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You know when you realize you are definitely not of the baby boomer generation- when you travel. Suddenly you have 101 gadgets, and they all must be charged and ready to go. I-touch, digital camera, assorted cell phones, MacBook Pro- all essential to my mental state, and almost nearly as important as my caffeine intake. It’s as if there are not enough outlets in my entire house to re-energize my technological life dependencies. (Did I mention how I almost cried about losing my blackberry to the Verizon gods for another three months?) In fact, I may just have to stay in New York forever, as forever is about the only time frame that will allow me to pursue both my blog and coffee addictions equally.

Oh, and let me gawk at the holiday windows on Fifth Ave.

Insert: "She's A Lady" here.

If only all my presents were wrapped in satin bows...

Life-size versions of the ladies of "Mad Men"

Bringing the tutu back...

Reminds me of Ursula from "The Little Mermaid"

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and all through the streets of New York a lone Jew roamed, recklessly thrashing her way through the crowds in search of a caffeinated safe haven. She succeeded on multiple accounts, and in between decided to begin completing her checklist of New York MUSTS.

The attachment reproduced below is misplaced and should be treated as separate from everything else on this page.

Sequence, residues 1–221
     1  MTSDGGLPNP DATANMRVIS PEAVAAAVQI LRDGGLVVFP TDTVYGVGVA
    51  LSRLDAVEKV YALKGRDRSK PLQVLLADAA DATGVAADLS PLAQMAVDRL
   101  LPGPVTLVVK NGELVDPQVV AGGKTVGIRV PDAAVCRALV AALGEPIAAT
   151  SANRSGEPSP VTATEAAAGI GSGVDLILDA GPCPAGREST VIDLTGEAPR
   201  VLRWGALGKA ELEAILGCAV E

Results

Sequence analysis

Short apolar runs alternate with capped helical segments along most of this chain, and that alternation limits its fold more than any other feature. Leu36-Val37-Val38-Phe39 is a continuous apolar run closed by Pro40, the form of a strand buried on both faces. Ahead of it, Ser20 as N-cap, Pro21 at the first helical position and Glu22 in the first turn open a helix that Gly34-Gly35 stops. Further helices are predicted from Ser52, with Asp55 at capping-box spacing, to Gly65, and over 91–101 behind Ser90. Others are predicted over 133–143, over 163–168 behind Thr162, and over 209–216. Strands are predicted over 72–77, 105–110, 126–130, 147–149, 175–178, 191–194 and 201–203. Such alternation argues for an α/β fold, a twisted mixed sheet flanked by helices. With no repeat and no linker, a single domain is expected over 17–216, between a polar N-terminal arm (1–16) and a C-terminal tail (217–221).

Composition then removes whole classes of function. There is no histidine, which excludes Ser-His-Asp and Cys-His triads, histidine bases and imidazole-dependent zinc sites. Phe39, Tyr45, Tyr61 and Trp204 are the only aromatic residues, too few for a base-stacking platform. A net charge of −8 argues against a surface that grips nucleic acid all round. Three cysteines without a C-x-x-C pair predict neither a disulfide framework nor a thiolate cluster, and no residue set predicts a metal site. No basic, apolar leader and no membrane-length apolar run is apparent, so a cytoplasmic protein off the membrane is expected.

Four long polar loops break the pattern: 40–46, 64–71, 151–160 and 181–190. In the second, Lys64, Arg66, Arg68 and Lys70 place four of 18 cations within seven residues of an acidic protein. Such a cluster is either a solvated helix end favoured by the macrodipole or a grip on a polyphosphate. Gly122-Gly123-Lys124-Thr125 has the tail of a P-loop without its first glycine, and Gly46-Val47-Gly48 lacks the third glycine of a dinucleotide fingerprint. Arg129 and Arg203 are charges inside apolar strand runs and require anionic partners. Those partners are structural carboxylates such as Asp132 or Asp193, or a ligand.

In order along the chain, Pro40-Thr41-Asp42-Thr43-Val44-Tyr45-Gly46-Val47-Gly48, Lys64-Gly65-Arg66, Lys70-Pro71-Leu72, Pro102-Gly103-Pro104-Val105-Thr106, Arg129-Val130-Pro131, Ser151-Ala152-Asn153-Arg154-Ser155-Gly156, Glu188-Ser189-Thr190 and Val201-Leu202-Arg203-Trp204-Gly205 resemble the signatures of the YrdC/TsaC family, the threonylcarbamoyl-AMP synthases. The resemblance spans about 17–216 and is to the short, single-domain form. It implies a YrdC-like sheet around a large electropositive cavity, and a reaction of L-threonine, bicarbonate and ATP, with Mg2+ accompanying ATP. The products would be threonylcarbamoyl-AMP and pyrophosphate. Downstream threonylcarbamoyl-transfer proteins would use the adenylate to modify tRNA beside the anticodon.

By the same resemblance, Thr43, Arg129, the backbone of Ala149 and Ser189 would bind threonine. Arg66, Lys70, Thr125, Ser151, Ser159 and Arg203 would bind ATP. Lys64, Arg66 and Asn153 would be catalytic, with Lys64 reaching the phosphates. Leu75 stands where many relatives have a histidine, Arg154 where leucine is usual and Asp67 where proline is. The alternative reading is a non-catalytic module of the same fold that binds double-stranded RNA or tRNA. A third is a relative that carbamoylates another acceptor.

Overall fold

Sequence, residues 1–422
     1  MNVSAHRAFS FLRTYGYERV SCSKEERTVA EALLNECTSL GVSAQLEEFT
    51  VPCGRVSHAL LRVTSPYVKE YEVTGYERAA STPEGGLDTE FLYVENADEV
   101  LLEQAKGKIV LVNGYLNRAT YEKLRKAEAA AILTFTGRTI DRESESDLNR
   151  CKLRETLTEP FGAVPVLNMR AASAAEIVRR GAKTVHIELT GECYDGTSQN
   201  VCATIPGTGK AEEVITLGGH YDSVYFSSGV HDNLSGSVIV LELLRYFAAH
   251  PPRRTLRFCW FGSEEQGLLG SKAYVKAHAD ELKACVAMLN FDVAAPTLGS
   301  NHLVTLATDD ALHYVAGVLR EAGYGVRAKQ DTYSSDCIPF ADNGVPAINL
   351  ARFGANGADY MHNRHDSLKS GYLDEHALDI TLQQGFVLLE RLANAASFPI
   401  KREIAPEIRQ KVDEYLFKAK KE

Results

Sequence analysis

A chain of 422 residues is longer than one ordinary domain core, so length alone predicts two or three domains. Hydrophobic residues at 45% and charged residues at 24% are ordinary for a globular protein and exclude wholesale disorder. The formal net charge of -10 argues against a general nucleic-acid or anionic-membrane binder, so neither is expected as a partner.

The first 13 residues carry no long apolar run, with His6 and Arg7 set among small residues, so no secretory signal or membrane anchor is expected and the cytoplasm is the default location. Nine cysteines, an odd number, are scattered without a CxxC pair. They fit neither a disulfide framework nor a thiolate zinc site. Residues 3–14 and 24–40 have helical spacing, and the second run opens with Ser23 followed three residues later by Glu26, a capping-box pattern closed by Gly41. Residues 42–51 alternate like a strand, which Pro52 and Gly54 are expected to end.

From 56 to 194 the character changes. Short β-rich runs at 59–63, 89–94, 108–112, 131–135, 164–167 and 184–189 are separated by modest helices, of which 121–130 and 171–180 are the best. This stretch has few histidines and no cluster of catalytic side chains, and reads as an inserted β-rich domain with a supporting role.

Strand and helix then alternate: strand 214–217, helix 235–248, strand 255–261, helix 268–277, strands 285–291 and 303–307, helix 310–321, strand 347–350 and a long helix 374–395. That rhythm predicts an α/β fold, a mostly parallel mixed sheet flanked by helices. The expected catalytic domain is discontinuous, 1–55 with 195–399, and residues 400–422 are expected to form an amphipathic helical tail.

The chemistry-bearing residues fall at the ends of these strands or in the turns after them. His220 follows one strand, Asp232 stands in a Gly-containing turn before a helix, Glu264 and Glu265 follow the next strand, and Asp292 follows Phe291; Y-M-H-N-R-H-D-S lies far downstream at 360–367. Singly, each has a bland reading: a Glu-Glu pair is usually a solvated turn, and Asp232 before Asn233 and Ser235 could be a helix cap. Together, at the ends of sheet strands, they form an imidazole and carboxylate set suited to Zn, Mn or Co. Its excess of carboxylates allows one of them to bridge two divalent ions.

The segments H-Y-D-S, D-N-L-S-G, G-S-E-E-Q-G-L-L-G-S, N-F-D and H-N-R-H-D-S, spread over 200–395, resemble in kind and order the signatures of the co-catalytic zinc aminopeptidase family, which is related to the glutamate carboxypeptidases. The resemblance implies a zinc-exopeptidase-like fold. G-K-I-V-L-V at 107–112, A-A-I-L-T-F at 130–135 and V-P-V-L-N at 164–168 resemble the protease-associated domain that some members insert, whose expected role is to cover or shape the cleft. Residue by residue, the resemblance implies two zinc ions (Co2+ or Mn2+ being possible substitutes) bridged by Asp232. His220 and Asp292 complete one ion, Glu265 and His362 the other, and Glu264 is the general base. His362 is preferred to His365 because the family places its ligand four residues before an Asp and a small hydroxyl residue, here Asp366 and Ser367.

But first a trip back to the summer before 10th grade; a time before I knew of the power of caffeine: Sitting in my lovely Cityscape class at the Fashion Institute of Technology, I, in theory, was supposed to be painting views of the city in all its dirt and glory. Instead, Little Miss I Didn’t Know I Had To Bring Supplies to Class ran to the local design store and purchased exorbitant amounts of acrylics and oils, unaware of the difference between the two, before returning to her artsy fartsy painting studio. Upon my return, my instructor, Rob, told me to paint the first thing I think of when I think of New York. And being me, I decided that was a waterfall. Yes, to me New York was just one gigantic waterfall that had enveloped me since birth. Only Rob didn’t mean metaphorically. He wanted buildings and taxi cabs and homeless people- he wanted the urban landscape. Upon seeing my exploration into the semi-abstract world of Niagara Falls, he responded, “How very geometric and intuitive.” I was no artistic savant, but even I knew that meant I should stick to my day job.